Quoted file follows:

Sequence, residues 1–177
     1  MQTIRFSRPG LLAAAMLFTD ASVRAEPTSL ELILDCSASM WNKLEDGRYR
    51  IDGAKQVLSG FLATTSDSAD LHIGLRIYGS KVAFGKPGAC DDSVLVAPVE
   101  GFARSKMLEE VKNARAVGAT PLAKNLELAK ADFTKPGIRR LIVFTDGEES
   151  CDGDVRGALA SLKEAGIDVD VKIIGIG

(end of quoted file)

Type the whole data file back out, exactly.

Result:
Sequence, residues 1–177
     1  MQTIRFSRPG LLAAAMLFTD ASVRAEPTSL ELILDCSASM WNKLEDGRYR
    51  IDGAKQVLSG FLATTSDSAD LHIGLRIYGS KVAFGKPGAC DDSVLVAPVE
   101  GFARSKMLEE VKNARAVGAT PLAKNLELAK ADFTKPGIRR LIVFTDGEES
   151  CDGDVRGALA SLKEAGIDVD VKIIGIG